Raging Justice review: retro kickback throwback fails to inspire

The latest Streets of Rage tribute has some fun ideas but stumbles in the delivery.

Ironic retro games are all the rage right now, with the emphasis on rage. Streets of Rage, that is, the side-scrolling Sega classic from the 1990s which seems to have become the default template for a slew of modern day imitators.

You know the drill: squalid backstreet settings, ultra-cheesy hero types who roundhouse and suplex their way through armies of punks, goons, freaks and weirdos in order to rescue a kidnapped girlfriend and/or politician. In Raging Justice, it’s the mayor who needs to be rescued and the heroes tasked with the job are Rick Justice and Nikki Rage, with plucky kid character Ashley King also available.

Visually, the game takes a sort of “what if?” approach to the genre, dodging the over-used retro pixel art look and instead going for a slicker 3D rendered style. Animation is still charmingly old fashioned, however, with background characters looping through the same few frames in true arcade style. More than Streets of Rage, and even Final Fight and other scrolling beat-em-up touchstones, Raging Justice is closest to relatively obscure digitized photo brawler Pit Fighter.

Gameplay is almost exactly as you’d expect. Head from left to right, battering waves of enemies senseless with punches, kicks and whatever objects you can grab. Items can be both swung as melee weapons, and thrown across the screen, while a special attack will clear some space around you at the cost of some of your health.

You can top up that health in an equally traditional way, by eating roast chickens and burgers that you find on the ground. These appear only occasionally, however, and to guarantee a health boost you need to master one of the game’s few innovations.

As you’re playing as cops, you have a choice of how to play. Beat enemies to death and you’ll be a BAD COP and will earn more points. Stunned enemies can be arrested, however, and doing so grants you bonus health. Mastering the art of stunning and arresting foes is the only way to keep defeat at arm’s length for the full duration of the game. Each stage even has specific criminals who will grant bigger bonuses if you bring them in alive rather than kicking them into oblivion.

It’s a neat idea in theory, but it gets fudged in the execution. It’s hard to tell when an enemy will be stunned, with many simply falling to your combos without going into the swaying state that shows they’re ready for the cuffs to go on. Even worse, just taking one hit will take them out of their stunned state – either by killing or reviving them – and it’s all too easy to accidentally to do this mid-combo. Not a huge hurdle in the early stages, but once you get deeper into the game when your health really takes a beating, it can literally make the difference between life and death feel frustratingly out of your control.

The more manic the game gets, the harder it is to believe that you’re supposed to be playing with any kind of tactical thought as to which enemies get taken out and which just get locked up. The chance to roar around the screen on tractors and lawnmowers, running everyone in your path down, suggests that nuance is never going to last long in this cheesy bombastic stew.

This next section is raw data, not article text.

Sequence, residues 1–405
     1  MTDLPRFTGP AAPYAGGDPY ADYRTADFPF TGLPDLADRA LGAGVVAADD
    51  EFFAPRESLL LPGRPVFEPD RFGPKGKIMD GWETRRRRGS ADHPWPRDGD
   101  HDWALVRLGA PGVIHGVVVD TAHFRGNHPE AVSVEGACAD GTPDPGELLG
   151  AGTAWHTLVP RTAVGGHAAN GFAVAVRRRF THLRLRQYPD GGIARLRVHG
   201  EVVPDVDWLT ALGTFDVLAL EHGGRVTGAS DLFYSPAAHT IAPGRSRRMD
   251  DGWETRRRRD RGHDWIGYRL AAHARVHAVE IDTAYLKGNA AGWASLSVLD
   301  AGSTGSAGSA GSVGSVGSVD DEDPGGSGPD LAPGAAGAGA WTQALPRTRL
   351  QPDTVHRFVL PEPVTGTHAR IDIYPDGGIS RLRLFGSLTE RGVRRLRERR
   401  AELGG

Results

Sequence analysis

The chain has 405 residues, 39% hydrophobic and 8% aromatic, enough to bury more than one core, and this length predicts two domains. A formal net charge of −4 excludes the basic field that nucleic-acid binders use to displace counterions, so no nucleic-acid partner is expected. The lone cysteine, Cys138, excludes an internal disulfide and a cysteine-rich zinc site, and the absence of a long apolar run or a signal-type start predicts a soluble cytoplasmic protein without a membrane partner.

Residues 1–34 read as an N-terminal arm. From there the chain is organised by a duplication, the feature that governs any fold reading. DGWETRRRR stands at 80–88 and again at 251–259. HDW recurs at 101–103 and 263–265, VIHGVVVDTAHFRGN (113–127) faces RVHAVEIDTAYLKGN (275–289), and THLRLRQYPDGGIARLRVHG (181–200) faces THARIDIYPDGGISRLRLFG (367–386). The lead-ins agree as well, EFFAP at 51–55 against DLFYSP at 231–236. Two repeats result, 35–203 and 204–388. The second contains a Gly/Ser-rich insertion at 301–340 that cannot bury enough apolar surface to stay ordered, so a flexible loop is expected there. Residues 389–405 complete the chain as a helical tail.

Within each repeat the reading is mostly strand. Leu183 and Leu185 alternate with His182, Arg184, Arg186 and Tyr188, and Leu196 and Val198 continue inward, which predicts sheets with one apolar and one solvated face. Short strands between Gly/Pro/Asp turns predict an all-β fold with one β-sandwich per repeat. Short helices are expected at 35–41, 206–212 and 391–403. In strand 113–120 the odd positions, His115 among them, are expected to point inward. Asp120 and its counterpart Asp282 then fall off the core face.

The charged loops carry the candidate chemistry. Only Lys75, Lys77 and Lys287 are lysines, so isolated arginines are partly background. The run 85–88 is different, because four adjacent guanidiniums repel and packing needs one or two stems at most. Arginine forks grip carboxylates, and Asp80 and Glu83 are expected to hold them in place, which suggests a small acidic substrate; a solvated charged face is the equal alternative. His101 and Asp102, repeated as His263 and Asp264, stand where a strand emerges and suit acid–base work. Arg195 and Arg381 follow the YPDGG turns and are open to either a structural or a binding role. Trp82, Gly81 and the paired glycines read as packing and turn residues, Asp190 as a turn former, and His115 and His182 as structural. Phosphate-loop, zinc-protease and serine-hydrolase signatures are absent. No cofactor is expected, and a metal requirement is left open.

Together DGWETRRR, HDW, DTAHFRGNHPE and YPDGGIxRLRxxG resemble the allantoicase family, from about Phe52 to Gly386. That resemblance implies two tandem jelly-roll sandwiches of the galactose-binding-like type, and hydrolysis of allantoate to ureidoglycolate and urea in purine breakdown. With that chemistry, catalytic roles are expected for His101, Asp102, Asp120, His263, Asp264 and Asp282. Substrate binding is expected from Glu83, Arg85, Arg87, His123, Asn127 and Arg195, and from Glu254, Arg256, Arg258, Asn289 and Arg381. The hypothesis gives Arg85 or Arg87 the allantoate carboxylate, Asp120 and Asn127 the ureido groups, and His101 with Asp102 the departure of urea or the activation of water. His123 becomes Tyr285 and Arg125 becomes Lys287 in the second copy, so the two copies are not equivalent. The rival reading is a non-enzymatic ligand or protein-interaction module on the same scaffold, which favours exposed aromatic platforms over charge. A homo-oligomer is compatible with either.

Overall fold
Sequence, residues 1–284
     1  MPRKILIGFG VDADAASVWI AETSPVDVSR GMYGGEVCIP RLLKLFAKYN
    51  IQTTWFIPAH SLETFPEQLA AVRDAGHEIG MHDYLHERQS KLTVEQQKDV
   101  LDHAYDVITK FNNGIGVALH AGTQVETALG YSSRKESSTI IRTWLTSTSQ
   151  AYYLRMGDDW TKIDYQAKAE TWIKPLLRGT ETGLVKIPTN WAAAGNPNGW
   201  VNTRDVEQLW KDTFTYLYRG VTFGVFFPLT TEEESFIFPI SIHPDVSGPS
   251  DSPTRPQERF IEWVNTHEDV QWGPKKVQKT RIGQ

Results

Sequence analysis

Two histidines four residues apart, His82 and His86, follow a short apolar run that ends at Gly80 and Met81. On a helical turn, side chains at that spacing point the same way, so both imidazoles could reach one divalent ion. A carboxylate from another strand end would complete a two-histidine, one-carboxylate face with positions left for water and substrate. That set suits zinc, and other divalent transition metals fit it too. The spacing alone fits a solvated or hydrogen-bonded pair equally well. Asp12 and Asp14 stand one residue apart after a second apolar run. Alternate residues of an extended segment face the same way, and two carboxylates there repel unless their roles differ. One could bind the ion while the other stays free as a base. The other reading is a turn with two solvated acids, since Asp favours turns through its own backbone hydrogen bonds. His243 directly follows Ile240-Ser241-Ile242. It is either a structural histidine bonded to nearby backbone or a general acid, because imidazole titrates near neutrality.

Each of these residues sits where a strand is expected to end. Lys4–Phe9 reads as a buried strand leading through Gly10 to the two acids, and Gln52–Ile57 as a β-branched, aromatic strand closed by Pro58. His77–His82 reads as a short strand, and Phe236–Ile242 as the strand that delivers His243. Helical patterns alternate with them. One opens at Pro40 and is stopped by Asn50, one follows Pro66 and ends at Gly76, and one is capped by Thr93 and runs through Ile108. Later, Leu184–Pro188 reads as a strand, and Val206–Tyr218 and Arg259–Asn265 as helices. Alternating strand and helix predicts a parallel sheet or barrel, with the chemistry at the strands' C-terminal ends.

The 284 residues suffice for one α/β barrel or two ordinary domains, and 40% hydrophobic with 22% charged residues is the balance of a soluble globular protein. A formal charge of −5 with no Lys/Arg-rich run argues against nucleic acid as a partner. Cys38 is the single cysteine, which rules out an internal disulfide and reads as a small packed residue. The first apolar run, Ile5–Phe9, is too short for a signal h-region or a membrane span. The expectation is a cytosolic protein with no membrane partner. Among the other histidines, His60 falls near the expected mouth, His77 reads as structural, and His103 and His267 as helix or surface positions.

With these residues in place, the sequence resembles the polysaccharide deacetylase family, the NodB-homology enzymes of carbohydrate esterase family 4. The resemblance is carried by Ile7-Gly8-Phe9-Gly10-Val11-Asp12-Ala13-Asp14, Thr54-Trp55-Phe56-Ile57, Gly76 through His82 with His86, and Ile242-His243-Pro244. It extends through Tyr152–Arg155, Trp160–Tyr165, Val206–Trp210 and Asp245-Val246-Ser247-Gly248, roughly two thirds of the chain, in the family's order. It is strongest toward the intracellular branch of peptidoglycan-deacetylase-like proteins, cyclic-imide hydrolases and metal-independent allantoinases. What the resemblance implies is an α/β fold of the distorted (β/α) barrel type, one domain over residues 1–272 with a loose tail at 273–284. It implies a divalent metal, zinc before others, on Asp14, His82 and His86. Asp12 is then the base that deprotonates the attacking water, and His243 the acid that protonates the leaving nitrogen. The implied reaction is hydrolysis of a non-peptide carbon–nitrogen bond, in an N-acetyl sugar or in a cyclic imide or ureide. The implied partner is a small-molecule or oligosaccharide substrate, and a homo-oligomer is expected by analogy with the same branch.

Image: Team 17
Image: Team 17

Control isn’t always as precise as you’d like, which could be written off as a retro affectation if it wasn’t so annoying when fighting against later bosses who will stun you, and follow up with a wave of unblockable attacks you’re powerless to resist. Environmental hazards too, such as falling girders, have bewildering splash damage – often knocking you out even though the shadows suggested you’d be safe.

Basically, the longer you play the more chaotic and random the gameplay feels. This is true to the genre, but at least in the arcade you could funnel more quarters into the cabinet to keep going to the end. Here, you’ll likely run out of your finite lives long before you reach the final stages.

That’s if you play solo, of course. Having two players improves your chances considerably, and also makes the experience more fun in general. There’s also a “Brawl” mode in which you must survive waves of enemies; a nice touch but one that is hard to distinguish from normal gameplay.

Raging Justice certainly recalls the mid-90s arcade beat-em-up very well, and to its credit doesn’t lean too hard on winking post-modern gags. It plays its nostalgia straight and is all the more effective for its relative restraint. It’s just a shame that it remains so focused on the past, rather than evolving this rather shallow genre for the future. What features it does add, such as the option to arrest rather than pummel, it fumbles just enough to make them not worth the effort.

Raging Justice clearly has its heart in the right place, and if all you’re after is a relentless combo-kicking throwback to games from 25 years ago then it delivers exactly that, but not much more. Just don’t expect much finesse or innovation along with the phone booth roast chickens.

Raging Justice is out now for PS4, Xbox One, Switch and PC priced $14.99.

Dan has been playing games since the 1980s, and doesn't plan on stopping any time soon. Also, get off his lawn. You can contact him by email if you need to know exactly how to leave his lawn.

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